People consume media and entertainment content today from so many channels that it’s hard to keep track of how many there actually are. TV, radio, social media, internet, billboards – and often they are consuming information from these sources at the same time. Sit in front of the TV and scroll through Facebook. Listen to the radio while using WAZE to navigate to destination while passing billboard after billboard. It seems as though the consumption of media in our lives is never ending.
Marketing and advertising messages that appear on all these channels about a single product, service or company is a multi-channel approach, but may not be an integrated multi-channel marketing strategy. For it to have that label, all the channels and the messages that appear on each must have a singular voice, leading to a singular experience. Too often in automotive and RV marketing, we miss that point. We have offers on Facebook, but brand messages on OTV. The radio is talking about a special tent sale, but Google searches only say we have cars in stock. A lot of inconsistency. That’s one of the keys to multi-channel marketing: consistency.
Here's how to plan a multi-channel marketing strategy
- 1. Identity your customer.
- Who is my customer? Middle income families with 2.5 kids? High earners with a lot of disposable income? Tradesmen whose family vehicle is also their work vehicle? Where are they coming from? 10 miles away? 30 miles away? Look in your CRM. See who has bought from you in the past. See what they bought and where they came from. Look around your showroom. Who’s in there buying or shopping. Look at all the information available to you in Google Analytics. What type of mobile phone are they using?
- 2. Create a singular message that can work across channels.
- Develop a language, vocabulary, and imagery for your brand and your offers that can be used at the top of the shopping funnel when consumers are browsing/considering and at the bottom of the funnel when they see the deal that they want to make.
- 3. Integrate the experience across channels.
- Whatever it is that you are advertising, make sure it all points back to a single point – the conversion. Customers can convert into a sale in a variety of places, not just on your website. More and more, customers are converting directly on Facebook or on Google Business Profiles. While we’d love for them to have a uniformed experience on our website, it’s less and less likely to happen now. Our online presence has de-centralized so it’s imperative that the message we want consumers to hear, and the experience we want them to interact with is consistent, integrated, and shared on every channel.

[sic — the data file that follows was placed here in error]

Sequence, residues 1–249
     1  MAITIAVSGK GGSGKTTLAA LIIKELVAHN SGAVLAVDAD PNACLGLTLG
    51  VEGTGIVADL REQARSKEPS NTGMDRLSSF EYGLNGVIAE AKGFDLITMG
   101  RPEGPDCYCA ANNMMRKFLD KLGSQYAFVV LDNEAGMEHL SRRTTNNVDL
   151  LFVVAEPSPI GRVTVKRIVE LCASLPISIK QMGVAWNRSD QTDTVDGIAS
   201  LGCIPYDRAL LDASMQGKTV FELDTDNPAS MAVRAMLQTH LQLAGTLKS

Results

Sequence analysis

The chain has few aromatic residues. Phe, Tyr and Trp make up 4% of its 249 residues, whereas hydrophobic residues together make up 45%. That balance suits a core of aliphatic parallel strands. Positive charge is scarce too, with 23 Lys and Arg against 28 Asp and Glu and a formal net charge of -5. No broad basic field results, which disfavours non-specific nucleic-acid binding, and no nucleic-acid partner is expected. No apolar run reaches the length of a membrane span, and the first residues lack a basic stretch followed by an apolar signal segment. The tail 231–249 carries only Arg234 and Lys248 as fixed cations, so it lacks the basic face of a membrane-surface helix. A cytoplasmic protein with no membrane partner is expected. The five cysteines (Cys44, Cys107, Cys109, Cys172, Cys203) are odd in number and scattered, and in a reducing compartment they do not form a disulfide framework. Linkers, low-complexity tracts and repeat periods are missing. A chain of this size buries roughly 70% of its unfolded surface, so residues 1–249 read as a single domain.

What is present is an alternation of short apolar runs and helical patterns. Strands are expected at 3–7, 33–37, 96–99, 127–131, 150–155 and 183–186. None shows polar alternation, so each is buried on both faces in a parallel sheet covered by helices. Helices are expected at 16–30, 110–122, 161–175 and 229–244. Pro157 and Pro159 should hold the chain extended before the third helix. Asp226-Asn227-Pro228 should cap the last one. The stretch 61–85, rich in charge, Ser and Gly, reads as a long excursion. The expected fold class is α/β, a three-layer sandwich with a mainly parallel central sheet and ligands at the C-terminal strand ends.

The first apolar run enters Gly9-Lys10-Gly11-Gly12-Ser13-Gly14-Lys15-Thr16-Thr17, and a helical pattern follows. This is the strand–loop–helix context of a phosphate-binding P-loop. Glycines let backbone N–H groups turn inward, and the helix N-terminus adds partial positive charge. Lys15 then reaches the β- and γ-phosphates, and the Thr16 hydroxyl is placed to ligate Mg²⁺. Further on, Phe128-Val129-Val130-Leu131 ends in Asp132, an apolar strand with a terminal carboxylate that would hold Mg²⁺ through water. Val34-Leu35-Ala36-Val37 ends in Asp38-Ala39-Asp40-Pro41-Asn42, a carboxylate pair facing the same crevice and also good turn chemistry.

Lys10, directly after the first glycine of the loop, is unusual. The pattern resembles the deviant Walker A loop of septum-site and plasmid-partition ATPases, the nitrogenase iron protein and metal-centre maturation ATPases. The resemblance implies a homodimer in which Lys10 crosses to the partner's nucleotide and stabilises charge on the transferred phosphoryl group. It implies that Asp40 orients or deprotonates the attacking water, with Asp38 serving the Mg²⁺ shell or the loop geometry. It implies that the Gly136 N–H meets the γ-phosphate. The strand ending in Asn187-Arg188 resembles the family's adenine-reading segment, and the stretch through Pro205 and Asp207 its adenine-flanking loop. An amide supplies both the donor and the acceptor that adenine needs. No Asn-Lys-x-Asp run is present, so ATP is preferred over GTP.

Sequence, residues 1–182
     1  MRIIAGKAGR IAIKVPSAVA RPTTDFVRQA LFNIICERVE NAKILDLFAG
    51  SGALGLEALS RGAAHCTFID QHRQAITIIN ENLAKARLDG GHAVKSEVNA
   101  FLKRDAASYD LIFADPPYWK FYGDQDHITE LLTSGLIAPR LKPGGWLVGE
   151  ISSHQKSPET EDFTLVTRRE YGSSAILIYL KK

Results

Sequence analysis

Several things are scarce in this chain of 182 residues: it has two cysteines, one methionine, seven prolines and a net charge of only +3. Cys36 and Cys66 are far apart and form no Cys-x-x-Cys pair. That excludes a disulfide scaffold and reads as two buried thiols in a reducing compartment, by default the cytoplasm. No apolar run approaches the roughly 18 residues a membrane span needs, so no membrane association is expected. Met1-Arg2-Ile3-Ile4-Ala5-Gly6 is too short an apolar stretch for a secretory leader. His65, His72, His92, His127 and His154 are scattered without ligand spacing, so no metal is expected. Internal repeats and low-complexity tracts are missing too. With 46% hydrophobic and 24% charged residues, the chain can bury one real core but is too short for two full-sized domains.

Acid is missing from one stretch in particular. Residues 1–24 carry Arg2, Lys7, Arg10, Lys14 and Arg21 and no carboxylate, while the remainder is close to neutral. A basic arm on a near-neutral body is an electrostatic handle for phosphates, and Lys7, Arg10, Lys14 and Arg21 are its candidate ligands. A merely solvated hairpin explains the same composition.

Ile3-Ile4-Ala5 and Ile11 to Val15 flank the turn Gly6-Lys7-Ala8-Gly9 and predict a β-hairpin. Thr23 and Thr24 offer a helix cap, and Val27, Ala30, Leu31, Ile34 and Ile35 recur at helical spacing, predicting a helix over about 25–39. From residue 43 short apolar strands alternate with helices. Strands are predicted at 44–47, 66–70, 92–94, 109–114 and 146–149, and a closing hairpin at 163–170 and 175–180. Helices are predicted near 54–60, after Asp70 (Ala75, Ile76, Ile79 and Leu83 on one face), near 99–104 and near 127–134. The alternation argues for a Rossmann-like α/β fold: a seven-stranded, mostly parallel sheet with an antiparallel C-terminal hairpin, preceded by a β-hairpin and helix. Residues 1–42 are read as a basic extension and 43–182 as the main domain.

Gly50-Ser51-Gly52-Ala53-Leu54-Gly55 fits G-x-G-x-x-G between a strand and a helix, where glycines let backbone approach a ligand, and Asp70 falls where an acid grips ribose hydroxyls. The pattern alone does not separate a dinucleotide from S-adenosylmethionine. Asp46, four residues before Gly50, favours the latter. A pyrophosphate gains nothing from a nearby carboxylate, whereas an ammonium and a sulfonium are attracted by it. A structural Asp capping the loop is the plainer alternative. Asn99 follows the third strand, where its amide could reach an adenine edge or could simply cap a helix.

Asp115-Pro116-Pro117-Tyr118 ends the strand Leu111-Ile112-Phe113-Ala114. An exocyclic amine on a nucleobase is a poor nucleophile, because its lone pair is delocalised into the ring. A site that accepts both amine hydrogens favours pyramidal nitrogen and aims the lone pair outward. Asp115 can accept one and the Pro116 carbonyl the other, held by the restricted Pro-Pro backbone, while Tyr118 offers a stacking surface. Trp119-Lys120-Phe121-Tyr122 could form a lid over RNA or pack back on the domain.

- 4. Be consistent AND flexible.
- Are you going to be advertising offers on TikTok? No. Is Facebook retargeting my branding ad going to drive interest in my lease deals? No. But if I use the same language and similar images across ads (branding or offers) I will have a consistency that hits consumers at various points in the shopping funnel and helps them align brand and offers with my business. So that branding ad on TikTok let’s people know that when they’re ready to purchase I have the experience they are looking for. And after they’ve visited my website, browsing my inventory, that Facebook inventory retargeting ads reminds them that I have a vehicle they want, at the right price, and with an experience they’ll be happy with.
- 5. Track using the same (or similar) KPIs.
- Google Analytics is how you track performance on your marketing and advertising. No other way. However, Google Analytics is not the end all be all. It has trouble tracking Facebook ad campaigns, mainly because Facebook doesn’t like its users leaving its platform. Keep that in mind as you put together your advertising tactics. But that doesn’t mean I can’t have the same key performance indicators. If I want as many people to see my ads as possible, focus on Google Analytics “users” and Facebook “reach.” If I want to drive hard conversions (phone calls, chats, texts, etc.), focus on Google Analytic “goal conversions” and On-Facebook destination “conversions.”
Truth be told, multi-channel marketing is not revolutionary. It’s hard to find a business that’s using one single marketing and advertising channel. Every marketing and advertising vendor will have their clients running at least Google paid search and Facebook AIA. But just because you have ads on multiple channels doesn’t mean it’s a multi-channel strategy. Following the steps above will help bring in that consistency that integrates your marketing into a cohesive approach that works across channels.
Why do you need a multi-channel marketing strategy? If you’re reading this while watching TV, while asking Amazon’s Alexa to order something, and thinking about sharing this article on Facebook, Twitter, or LinkedIn…then you’ve already answered the question. You just need to take the steps to make it all work together. To learn more about creating a multi-channel marketing strategy contact the PCG Digital team today!